CLI stands for command line interpreter. What does this do for you? This allows you to run your PHP scripts at command line similar to Perl or any other scripting language used in *nix command line environment.
Why PHP CLI?
There a several advantages why one would want the ability to run PHP at command line
No need to learn another scripting language such as Perl, Bash or Awk
Ability to reuse existing components. For example say you've written a set of database access objects or functions you now can re-use them instead of re-writing them in Perl, Java or some other language.
Cross-platform, you can easily run PHP on *nix environment or windows environment or in fact any OS with PHP CLI installed
Making GUI applications, this is out of scope for this article visit http://gtk.php.net to learn more about PHP and desktop applications.
One may ask why do I need to run PHP at command line in the first place? I'm a web developer. Lots of times when making and running web applications with database functionality you will probably find yourself in position where you need to regularly clean up the database tables.
Another example maybe you need to send out regular web reports generated by your application to the appropriate administrators. Whatever the case may be, rather then trying to remember to run these tedious tasks on a regular basis isn't it better to have a batch process where these tasks are automatically done at specified times. This is where you would use Cron and now that you know the advantages of using PHP at command line these two make a great pair.
There really isnít much too it, it is just a matter of using the 2 different technologies together. The following sections will introduce you to both PHP CLI and Cron. After it will be pretty clear how to use them together, but incase you still donít get it there is section demrating the use of PHP and Cron.
How to Install PHP CLI
Pre-Installed / Package Manager
If you are using Linux distribution with PHP already pre-installed or if you are using a package manager such as RPM you may have to do some fishing around to find the PHP executable. Mostly likely its under /usr/bin, as friendly reminder you might want to run the find command to find the PHP executable. Navigate you way to the root of your file system and type in the following find . -name php -print 2>&1 /dev/null.
Install from Using tar/source
For those of you who like to install from source, it is almost the same as installing PHP with apache except without APXS. To install PHP CLI you need to install it purely as CGI and with the --enable-cli option included. For those of you who still want to use PHP for the web you will have to install a separate installation of PHP.
Everything should work fine because with the APXS Apache when compiled with the right options will know where to find the PHP APXS version and for the other version of PHP all you have to do is set the correct PATH to access the PHP CLI version at command line. Here is step-by-step install of PHP CLI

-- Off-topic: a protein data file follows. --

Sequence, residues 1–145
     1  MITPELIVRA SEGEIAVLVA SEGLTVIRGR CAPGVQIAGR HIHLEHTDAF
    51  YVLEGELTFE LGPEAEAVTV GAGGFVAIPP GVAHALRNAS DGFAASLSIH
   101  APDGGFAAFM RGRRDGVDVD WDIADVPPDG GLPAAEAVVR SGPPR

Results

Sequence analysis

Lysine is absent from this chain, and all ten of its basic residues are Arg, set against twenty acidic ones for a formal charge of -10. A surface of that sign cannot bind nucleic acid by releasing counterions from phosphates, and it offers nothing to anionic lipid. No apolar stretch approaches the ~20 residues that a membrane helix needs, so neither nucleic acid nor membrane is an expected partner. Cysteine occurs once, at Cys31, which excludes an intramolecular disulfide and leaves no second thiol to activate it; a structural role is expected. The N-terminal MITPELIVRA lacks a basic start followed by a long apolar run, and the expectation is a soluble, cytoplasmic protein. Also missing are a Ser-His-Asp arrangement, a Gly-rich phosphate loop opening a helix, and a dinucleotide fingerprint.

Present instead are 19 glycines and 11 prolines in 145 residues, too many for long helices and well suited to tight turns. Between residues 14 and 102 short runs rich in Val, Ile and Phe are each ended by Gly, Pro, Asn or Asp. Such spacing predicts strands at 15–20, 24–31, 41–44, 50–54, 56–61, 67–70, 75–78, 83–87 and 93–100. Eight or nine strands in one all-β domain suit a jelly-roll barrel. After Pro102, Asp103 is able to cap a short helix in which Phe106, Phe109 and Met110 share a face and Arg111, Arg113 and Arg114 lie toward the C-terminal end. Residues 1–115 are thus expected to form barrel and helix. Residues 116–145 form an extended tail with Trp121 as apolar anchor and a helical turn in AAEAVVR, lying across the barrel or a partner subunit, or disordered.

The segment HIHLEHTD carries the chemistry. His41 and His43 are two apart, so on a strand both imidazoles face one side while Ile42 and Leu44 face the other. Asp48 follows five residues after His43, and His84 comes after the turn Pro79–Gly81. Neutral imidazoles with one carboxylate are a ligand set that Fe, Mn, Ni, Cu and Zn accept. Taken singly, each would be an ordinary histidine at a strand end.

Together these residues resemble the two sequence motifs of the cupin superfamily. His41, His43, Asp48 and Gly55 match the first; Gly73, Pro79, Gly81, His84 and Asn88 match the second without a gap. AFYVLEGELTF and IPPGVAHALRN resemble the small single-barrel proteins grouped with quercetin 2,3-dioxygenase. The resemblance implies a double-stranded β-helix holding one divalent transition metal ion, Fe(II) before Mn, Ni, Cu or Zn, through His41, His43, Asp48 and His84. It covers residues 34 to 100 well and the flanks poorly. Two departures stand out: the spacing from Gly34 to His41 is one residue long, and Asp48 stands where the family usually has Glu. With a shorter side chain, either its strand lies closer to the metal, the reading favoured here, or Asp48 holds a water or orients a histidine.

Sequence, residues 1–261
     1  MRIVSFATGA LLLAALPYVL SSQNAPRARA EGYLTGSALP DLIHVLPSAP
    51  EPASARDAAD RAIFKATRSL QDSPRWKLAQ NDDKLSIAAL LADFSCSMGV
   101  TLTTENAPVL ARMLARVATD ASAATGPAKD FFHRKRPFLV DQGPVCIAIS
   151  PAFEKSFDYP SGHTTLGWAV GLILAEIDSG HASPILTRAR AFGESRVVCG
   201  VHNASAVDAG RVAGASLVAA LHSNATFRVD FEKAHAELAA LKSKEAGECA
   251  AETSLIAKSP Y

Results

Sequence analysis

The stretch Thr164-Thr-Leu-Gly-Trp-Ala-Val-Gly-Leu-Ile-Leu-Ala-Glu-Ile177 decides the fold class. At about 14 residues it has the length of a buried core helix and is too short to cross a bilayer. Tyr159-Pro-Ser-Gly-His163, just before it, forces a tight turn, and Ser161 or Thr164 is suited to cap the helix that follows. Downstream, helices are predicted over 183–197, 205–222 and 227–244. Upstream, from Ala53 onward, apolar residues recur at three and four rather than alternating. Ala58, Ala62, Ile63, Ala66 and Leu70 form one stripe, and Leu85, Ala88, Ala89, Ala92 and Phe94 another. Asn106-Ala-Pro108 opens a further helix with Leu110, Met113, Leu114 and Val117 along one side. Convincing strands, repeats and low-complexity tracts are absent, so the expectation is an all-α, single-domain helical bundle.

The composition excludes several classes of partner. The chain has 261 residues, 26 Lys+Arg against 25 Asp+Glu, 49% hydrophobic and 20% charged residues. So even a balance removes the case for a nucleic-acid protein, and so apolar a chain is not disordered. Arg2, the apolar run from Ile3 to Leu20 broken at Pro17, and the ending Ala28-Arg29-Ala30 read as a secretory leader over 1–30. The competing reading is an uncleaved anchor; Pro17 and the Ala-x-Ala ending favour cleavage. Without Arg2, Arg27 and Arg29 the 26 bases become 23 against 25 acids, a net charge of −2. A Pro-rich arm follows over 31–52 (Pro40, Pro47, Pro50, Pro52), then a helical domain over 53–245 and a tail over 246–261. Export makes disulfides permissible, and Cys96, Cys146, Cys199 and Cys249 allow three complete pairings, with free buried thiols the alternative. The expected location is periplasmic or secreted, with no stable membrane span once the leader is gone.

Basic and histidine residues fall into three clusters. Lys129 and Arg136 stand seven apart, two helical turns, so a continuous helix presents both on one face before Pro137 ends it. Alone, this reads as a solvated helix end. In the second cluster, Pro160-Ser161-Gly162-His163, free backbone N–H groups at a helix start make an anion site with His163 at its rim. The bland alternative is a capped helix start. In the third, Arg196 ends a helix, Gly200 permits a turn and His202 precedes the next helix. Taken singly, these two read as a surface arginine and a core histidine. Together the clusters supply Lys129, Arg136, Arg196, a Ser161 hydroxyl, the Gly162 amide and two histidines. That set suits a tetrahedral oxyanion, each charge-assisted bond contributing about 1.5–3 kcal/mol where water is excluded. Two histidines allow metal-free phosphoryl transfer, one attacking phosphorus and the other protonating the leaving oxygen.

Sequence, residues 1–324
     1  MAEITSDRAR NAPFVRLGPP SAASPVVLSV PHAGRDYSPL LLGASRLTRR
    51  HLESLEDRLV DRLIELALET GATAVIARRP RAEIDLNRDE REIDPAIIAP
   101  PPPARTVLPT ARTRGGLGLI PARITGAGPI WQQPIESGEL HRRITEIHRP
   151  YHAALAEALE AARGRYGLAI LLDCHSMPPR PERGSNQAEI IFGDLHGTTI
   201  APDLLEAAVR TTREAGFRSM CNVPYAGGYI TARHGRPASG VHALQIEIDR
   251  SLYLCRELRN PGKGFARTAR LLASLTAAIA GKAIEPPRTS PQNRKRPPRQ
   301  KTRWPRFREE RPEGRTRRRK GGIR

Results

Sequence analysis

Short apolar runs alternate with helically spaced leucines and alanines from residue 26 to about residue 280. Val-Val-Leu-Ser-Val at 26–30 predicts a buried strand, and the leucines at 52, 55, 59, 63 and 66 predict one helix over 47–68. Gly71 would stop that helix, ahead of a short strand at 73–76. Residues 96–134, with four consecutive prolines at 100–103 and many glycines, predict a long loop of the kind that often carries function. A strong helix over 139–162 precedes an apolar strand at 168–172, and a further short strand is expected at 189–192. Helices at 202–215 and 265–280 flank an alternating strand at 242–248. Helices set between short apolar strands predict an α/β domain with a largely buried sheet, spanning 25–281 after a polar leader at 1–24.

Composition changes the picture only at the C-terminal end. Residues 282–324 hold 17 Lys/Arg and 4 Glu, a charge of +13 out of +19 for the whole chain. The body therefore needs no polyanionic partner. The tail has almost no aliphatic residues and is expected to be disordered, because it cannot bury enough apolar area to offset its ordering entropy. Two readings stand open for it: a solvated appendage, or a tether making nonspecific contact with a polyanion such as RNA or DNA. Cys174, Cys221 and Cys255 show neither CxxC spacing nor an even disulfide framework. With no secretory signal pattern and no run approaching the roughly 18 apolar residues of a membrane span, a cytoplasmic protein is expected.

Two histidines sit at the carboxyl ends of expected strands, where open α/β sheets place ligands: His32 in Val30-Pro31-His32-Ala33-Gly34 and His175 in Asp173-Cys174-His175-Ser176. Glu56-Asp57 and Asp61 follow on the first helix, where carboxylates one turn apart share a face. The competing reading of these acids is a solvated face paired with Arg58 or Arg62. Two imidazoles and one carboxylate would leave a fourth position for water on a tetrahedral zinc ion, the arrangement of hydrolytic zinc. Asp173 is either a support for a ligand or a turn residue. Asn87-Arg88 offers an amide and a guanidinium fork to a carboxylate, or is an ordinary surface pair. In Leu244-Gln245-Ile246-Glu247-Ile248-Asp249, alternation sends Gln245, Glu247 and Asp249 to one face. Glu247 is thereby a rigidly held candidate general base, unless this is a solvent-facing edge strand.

Ö. any other options you normally put, for example --with-mysql if you are going to use mySQL database with PHP
$ make $ make install
Note --bindir indicates where you want the PHP binary to be installed
Create a test file called phpcli.php. This file will contain a simply your standard hello world
#!/usr/bin/php -q <?php echo "Hello World with PHP CLI"; ?>
Change the permission on the file to be executable, chmod 755 phpcli.php or chmod +x phpcli.php
Now run it, assuming you are in the same directory and the Path is indeed set for /usr/bin.
$ ./phpcli.php Hello World with PHP CLI $
You will notice the difference from web php script there is the line #!/usr/bin/php, this indicates that the PHP executable is used to parse the file. Reading in Command Line Arguments Like most scripting languages you are able to pass in command line arguments. Create a file named testargs.php
$_SERVER["argc"] will give the number arguments enter including. Note the script itself is an argument.
$_SERVER["argv"] is an array of arguments. To access the first argument it will be at index 1, $_SERVER["argv"]. Remember the file name itself is at index 0, $_SERVER[argv".
Notice as well now that we aren't making a web script we need to apply CLI specific code in this case to indicate next line we type in the escape character followed by n. Instead of <br> which is normally used for html.
More Hello World
Another way to run php at command line is directly right at the command line, for example
$ php -r "echo 'Hello World'"; Hello World $
Getting more Help with PHP CLI
Type in the php executable with the switch -h, php -h. It should output something similar to the following:
-s Display colour syntax highlighted source. -w Display source with stripped comments and whitespace. -f <file> Parse <file>. -v Version number -c <path>|<file> Look for php.ini file in this directory -a Run interactively -d foo[=bar] Define INI entry foo with value 'bar' -e Generate extended information for debugger/profiler -z <file> Load Zend extension <file>. -l Syntax check only (lint) -m Show compiled in modules -i PHP information -r <code> Run PHP <code> without using script tags <?..?> -h This help args... Arguments passed to script. Use -- args when first argument starts with - or script is read from stdin